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Rinker, the Australian building materials group, on Tuesday signalled that it was weathering the US housing market downturn, bolstering its attempt to force Cemex, the Mexican cement maker, to raise its US$12.8bn takeover offer.

Rinker reported that net profit rose 13 per cent to US$182m in the three months to December 31 compared with the same quarter a year earlier. The earnings came in at the upper end of analysts’ average forecasts, sending Rinker’s share price up 2.3 per cent to A$18.70 on the Australian Stock Exchange.

David Clarke, chief executive, said cost cuts were helping Rinker offset the US housing slowdown and would allow it to reap benefits once the US market rebounded. He maintained the group’s November forecast that earnings per share in fiscal 2007 would be at the lower end of a range of 84 to 90 US cents per share excluding tax benefits and costs from the takeover defence.

In October, Cemex launched a hostile bid for Rinker, offering US$13 per share, equivalent to A$16.81 at Tuesday’s exchange rate, which Rinker’s management rejected. The company underpinned its rejection with an independent assessment from Grant Samuel estimating a value range of A$20.58 to A$23.04, including a substantial premium for control.

Mr Clarke said Tuesday Rinker would continue to pursue ”value-adding alternatives’’ to Cemex’s offer without specifying whether the company was making progress in attracting alternative bidders or was instead mulling a major acquisition or break-up plan.

Scott Marshall, head of industrial research at Shaw Stockbroking, described the earnings as “very good,’’ especially as US volumes had held up. “For someone else to come in and bid for Rinker would be hard. It would also be extremely difficult for Rinker to launch its own acquisition at the moment because most of the targets have poison pills. It has to be agreed and I’m not sure how likely that would be”.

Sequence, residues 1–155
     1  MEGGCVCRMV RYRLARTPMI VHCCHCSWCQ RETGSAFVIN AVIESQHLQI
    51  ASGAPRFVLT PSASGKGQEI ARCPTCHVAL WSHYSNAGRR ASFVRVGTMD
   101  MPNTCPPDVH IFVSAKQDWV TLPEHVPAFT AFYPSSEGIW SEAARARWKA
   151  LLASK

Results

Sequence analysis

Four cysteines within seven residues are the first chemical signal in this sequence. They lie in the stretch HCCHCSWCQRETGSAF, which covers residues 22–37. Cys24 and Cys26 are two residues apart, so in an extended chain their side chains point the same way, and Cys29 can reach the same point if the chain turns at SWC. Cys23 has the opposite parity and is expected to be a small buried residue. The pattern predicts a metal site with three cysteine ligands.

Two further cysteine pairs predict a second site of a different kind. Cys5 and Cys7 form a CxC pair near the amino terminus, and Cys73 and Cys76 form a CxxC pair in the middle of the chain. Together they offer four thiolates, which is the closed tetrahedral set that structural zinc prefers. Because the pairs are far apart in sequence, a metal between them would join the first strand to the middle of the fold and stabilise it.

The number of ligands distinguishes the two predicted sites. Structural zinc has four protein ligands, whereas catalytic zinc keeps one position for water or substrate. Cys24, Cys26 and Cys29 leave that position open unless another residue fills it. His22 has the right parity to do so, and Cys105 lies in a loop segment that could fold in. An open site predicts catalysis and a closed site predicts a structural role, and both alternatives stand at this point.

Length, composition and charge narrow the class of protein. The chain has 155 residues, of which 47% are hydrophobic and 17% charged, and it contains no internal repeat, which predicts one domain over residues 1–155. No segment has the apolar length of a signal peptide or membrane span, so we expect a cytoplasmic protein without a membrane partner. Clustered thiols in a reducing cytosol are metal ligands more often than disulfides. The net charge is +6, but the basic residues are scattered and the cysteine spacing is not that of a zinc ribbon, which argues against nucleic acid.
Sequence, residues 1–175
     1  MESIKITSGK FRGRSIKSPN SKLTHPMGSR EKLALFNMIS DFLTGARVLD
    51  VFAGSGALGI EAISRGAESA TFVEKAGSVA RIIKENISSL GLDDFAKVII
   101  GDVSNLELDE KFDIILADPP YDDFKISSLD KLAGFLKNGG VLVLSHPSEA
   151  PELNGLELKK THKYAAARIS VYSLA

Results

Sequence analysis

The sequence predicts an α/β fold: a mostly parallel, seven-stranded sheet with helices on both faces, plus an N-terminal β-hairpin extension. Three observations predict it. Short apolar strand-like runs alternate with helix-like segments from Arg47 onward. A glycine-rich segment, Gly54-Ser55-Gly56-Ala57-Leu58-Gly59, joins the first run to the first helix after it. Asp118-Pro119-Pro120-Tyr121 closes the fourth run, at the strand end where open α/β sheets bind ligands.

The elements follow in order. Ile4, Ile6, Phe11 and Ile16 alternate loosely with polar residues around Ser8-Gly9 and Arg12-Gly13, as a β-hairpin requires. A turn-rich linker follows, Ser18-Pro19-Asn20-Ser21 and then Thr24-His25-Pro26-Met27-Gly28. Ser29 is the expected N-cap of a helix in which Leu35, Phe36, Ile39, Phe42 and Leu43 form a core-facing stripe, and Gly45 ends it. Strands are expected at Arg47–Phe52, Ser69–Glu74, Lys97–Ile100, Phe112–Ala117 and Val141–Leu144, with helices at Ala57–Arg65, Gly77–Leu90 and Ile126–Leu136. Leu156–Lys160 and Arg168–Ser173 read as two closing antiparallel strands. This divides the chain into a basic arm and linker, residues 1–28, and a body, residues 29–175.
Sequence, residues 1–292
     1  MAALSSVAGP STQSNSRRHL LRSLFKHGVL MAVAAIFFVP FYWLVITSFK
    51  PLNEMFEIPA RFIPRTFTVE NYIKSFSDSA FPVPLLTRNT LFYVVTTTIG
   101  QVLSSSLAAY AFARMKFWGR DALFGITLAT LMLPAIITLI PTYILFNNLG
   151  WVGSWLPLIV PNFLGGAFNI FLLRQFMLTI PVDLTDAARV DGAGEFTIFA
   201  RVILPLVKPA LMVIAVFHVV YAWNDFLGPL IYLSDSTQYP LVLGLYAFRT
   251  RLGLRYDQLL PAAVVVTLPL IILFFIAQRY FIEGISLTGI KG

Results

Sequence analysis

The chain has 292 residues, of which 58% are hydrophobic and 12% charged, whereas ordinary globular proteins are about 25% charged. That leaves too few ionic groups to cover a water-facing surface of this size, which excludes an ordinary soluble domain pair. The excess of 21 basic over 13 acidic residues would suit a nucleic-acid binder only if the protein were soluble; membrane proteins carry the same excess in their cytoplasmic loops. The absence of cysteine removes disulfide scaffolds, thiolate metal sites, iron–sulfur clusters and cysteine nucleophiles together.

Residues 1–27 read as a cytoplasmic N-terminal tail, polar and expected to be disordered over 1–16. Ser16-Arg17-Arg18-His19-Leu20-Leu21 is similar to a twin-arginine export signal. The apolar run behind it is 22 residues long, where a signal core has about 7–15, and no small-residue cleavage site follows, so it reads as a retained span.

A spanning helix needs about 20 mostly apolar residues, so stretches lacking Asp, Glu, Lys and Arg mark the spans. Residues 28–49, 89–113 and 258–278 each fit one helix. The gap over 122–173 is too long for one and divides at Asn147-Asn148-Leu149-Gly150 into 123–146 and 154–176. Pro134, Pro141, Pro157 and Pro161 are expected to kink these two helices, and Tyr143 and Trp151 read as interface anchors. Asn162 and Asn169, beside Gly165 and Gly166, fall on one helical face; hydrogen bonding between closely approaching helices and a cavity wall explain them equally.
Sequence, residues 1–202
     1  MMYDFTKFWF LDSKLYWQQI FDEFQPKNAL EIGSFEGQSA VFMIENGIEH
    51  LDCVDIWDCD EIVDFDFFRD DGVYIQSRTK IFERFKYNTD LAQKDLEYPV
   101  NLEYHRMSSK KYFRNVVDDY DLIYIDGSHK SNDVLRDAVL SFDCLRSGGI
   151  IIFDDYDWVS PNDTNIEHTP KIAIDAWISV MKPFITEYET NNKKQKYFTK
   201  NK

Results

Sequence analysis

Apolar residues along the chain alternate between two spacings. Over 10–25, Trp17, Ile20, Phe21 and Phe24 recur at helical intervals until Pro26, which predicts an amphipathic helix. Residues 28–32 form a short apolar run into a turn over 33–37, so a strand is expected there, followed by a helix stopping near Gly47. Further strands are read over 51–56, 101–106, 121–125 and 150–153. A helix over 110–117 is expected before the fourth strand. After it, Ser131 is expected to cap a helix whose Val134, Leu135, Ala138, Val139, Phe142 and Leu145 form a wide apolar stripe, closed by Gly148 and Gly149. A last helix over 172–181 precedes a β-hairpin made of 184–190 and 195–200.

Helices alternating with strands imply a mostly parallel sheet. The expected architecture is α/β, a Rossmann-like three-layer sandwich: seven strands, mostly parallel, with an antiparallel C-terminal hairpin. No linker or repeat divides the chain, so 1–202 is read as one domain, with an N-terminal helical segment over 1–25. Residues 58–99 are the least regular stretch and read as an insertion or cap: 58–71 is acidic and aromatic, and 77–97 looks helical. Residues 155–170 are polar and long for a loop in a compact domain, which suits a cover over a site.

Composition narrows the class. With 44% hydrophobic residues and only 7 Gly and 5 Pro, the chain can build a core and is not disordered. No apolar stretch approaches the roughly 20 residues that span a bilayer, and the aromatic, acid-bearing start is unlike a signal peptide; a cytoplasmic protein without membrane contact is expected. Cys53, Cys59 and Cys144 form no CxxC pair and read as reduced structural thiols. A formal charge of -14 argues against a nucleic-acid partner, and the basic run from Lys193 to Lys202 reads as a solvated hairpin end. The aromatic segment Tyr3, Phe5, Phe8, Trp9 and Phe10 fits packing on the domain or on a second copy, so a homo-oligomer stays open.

Rinker’s strong presence in Florida, Arizona and Nevada means that 80 per cent of its revenues are generated in the US.

Separately, Cemex reported a 55 per cent rise in its profit in the fourth quarter to US$377m. The Mexican group has extended its offer for Rinker until the end of March.

While the US housing slowdown is hurting revenues, it has helped Rinker make a series of small acquisitions there. Earlier this week, Rinker announced that it would buy a quarry and four concrete plants in Utah and three other concrete plants in Tennessee.

■ Meanwhile, Australia’s M&A flurry continued on Tuesday. Merrill Lynch Global Private Equity and Pacific Equity Partners offered A$823m for Veda Advantage, Australia’s leading credit-checking company, sending the company’s share up almost 18 per cent.

Symbion Health, Australia’s largest health-care company, rebuffed an offer from rival Primary Health Care on Tuesday after Primary announced its acquisition of a 5 per cent stake. Symbion didn’t disclose the offer's terms but said the bid was “at a significant discount’’. Symbion shares rose 10 per cent.

Santos, a gas producer, raised its bid for rival Queensland Gas by 3.2 per cent to A$710m, sending Queensland shares up nearly 18 per cent.

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